While that may be stretching the truth just a little, I am not regretting going back to ballet at all. I have met some lovely people, who mutter under their breath just as much as I do when we make mistakes. We have classes where everything goes right and classes where it is the complete opposite.

But for now, I’ll leave you with a funny story that my old ballet teacher told us when we recently visited her.

Before she started our ballet school in about 1973, she had a job teaching dance classes for upper primary in the local schools. Dance classes, she had found, were quite popular with the girls, but not so much with the boys. But suddenly, this was no longer the case. Much to the teacher’s surprise, the boys poured into dance class. She couldn’t quite work out why, until she heard mention of the name Ron Barassi … a famous footballer turned coach in Melbourne, who was including ballet in his football training. All the boys wanted to play football like him, so off to dance class they went!

I researched a little about this football legend and discovered he helped Sir Robert Helpmann with some football-inspired choreography in the mid-1960s. If you’ve ever seen the ballet “The Display”, this is the result. It also seems to have had the consequence of some unorthodox football training, which goes to show, you never know quite where ballet can take you … but that’s another story for another day …

 

Today’s featured photo is courtesy of Kryziz Bonny, a very talented photographer from Mexico. You can follow her on Flickr. (https://www.flickr.com/photos/kryziz/)

Lest we forget

I’ve been exploring around the Word Press website and it amazes me to think there cannot be a topic on this globe that isn’t covered by one (or many) blogs.

One blog I read said that new writers should write every day for the first month. Hmmm, I think I missed that boat. Also, I should have a consistent theme, or direction. Somehow, that isn’t quite happening yet either. But I promise when TAFE (study) is finished, and this year of upheaval is over, I will resume my life of supreme calm, and provide thoughtful, logical and similarly themed blog posts.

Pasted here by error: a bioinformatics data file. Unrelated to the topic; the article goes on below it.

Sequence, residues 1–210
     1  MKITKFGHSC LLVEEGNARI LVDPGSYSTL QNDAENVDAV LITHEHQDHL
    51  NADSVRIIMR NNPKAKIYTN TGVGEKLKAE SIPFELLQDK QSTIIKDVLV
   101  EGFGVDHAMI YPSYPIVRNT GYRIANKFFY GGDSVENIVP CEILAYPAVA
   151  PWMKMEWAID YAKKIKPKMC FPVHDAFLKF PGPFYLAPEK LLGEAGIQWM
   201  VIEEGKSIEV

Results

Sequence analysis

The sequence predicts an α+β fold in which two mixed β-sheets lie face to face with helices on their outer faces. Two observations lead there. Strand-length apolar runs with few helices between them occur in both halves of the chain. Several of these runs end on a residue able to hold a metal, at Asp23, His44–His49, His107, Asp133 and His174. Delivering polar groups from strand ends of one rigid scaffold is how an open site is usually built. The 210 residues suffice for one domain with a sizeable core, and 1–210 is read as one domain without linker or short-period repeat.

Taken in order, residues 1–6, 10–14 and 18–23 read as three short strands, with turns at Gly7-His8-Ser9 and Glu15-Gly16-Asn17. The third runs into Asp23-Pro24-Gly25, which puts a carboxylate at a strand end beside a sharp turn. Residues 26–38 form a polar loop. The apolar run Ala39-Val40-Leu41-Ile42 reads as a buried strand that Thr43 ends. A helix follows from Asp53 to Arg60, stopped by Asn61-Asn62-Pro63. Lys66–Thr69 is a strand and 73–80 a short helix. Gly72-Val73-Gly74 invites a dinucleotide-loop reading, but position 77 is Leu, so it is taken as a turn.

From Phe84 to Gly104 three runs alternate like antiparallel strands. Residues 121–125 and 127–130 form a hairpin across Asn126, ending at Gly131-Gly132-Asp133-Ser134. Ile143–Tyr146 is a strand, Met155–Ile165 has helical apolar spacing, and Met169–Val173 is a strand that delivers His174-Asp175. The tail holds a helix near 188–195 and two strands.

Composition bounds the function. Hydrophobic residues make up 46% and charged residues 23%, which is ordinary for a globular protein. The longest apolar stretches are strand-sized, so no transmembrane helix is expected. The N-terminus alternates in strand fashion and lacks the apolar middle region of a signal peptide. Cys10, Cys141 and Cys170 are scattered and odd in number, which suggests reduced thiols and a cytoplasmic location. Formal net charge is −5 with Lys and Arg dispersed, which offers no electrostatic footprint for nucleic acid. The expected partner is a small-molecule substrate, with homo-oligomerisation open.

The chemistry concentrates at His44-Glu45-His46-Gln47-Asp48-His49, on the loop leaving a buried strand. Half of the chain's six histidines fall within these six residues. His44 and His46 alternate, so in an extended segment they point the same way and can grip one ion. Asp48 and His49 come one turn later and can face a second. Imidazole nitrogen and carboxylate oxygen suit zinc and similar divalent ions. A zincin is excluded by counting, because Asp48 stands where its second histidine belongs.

In the meantime, my thoughts go to the events of the past week. Wednesday 25 April, to be exact. This is a day full of poignancy for both Australia and New Zealand. I’m not so familiar with NZ history, but when the First World War broke out, Australia had only just joined its penal colonies and colonial-settled states as a federated nation in 1900. Fifteen years later, they joined the British Imperial Forces to fight her battles in Turkey and then along the Western Front of France and Belgium.

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Horrific losses of life occurred during this war to end all wars. The world would never be the same and by 1918, Europe’s land lay battered and destroyed.

The ANZAC spirit of mateship and facing adversity was defined in this war – where the Australian and NZ soldiers were shot down as they landed on the beaches of Gallipoli at the foot of steep cliffs. Now the Turks and Australians are friends, showing that on occasions, time can eventually heal some wounds.

Two years later – to the day – the Australian soldiers fought to save a little town in France called Villers-Bretonneux. As a result, the French (particularly in that area) remember Australians with a great deal of gratitude.

Back home, military and civilian alike rise up in the darkness, to make their way to dawn services, to stop to remember – not to glorify – but to show their thanks. It is not just for the soldiers who fought then, but also those who have fought since to protect our nation.

Many of us go to remember. Why? Because those thousands of names listed on war memorials in France, Belgium and towns and cities throughout Australia, as well as those who came home, scarred and damaged, are family.

I am not alone in this. In WW1, one of my great-great-great uncles fell on the way to Passchendaele. My great-grandfather served in the Field Ambulance on the Western Front – something I am especially proud of – that he helped those in need, rather than being part of the cause of losses in other families His son went to El Alemein in WW2 and lost his life there. My grandmother never really got over the loss of her brother … so much so that in the last few months of her life, it was him she spoke most often of calling her.

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In my travels I didn’t make it to these places. One day I might. I would like to see these places of historical significance – both personal and global, and to pay my respects to those who laid down their lives for others.

In Flanders fields the poppies blow
Between the crosses, row on row
That mark our place; and in the sky
The larks, still bravely singing, fly
Scarce heard amid the guns below.
(John McCrae)

Lest we forget.